IN 1853, a Mrs F A Trevelyan bought the land in Wantage on which St Michael’s stands between Priory Road and the Letcombe Brook.

Two years later, the foundation stone was laid for the house north of the two larger buildings, all designed by the architect William White.

An apsidal was added to the chapel in 1888, by the architect A B Allin.

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As soon as the new buildings were ready, Mrs Trevelyan moved in along with the ‘industrial school’ which she had already founded at Littlemore, Oxford, for the training of young girls for domestic service.

The school was run on strictly religious principles. Children were sent to the school as young as nine years old.

To further education in the area, the Vicar of Wantage, the Revd William Butler, persuaded Mrs Trevelyan to add a school for the training of pupil teachers and the sisters of the Wantage Community became more involved in the work.

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Mrs Trevelyan left Wantage in 1861 and left her property in trust with the Revd Butler and the Community of St Mary the Virgin for them to take over her work.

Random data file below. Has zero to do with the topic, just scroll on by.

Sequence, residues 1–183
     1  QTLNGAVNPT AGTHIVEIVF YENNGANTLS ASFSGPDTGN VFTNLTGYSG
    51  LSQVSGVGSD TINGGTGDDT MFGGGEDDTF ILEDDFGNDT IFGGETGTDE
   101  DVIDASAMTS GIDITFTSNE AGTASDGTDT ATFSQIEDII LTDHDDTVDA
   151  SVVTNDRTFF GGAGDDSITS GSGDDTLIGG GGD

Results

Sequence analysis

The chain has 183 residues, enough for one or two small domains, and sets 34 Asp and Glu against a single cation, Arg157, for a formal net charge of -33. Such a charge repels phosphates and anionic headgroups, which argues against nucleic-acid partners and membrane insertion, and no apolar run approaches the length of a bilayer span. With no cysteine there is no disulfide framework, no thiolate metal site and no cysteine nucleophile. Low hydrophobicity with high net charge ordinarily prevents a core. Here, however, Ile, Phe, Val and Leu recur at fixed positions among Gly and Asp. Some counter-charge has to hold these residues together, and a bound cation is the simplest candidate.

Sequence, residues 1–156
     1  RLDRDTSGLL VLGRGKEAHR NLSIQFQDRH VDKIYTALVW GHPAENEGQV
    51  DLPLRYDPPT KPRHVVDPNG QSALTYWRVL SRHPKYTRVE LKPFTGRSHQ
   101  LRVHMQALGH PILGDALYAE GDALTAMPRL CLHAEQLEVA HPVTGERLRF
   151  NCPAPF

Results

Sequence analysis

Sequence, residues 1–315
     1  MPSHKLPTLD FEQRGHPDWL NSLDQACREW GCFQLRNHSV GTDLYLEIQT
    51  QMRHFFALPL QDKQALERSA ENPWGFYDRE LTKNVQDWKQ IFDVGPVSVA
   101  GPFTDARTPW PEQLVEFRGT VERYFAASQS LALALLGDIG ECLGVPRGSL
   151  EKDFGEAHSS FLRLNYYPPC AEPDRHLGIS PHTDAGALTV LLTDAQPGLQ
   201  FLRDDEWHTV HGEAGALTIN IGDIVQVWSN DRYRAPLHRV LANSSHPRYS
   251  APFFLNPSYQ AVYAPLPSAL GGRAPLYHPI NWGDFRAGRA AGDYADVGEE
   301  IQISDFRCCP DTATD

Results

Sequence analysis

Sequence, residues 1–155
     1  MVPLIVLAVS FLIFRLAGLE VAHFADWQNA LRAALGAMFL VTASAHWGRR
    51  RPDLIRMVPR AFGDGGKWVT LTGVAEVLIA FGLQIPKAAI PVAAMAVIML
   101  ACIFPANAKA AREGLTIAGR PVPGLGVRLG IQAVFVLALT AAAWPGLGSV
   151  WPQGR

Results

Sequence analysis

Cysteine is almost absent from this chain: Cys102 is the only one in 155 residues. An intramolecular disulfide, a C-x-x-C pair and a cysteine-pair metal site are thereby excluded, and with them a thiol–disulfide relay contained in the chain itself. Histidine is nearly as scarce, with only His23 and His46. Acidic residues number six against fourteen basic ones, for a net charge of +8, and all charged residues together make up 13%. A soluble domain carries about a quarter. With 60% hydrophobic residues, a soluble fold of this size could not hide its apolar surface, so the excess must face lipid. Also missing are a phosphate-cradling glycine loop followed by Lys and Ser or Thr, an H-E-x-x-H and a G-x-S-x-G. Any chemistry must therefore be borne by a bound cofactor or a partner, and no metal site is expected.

A Sister Mary from the convent took over from Mrs Trevelyan, and was followed by Miss Penelope Osborne.

She had been one of Florence Nightingale’s nurses in the Crimean War and before coming to the school, had had charge of the middle school in the old Baptist Chapel in Back Street (now Church Street).

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Miss Osborne would run St Michael’s School for 12 years between 1882-1874.

In 1898 a new wing was added to the school and dedicated to her memory, to help accommodate the pupil teachers.

The architect for the work was A Mardon Mowbray and it was built by Messers Benfield and Bexley of Oxford for £5,000.

Read also: The Napoleonic prisoner of war who lived a life of luxury in Wantage

In the 20th century the Community of St Mary the Virgin organised the Guild of the Good Shepherd and the training of missionary students.

Finally the house was used as a retreat and a home for elderly sisters.

St Michaels was eventually sold and converted into private apartments.

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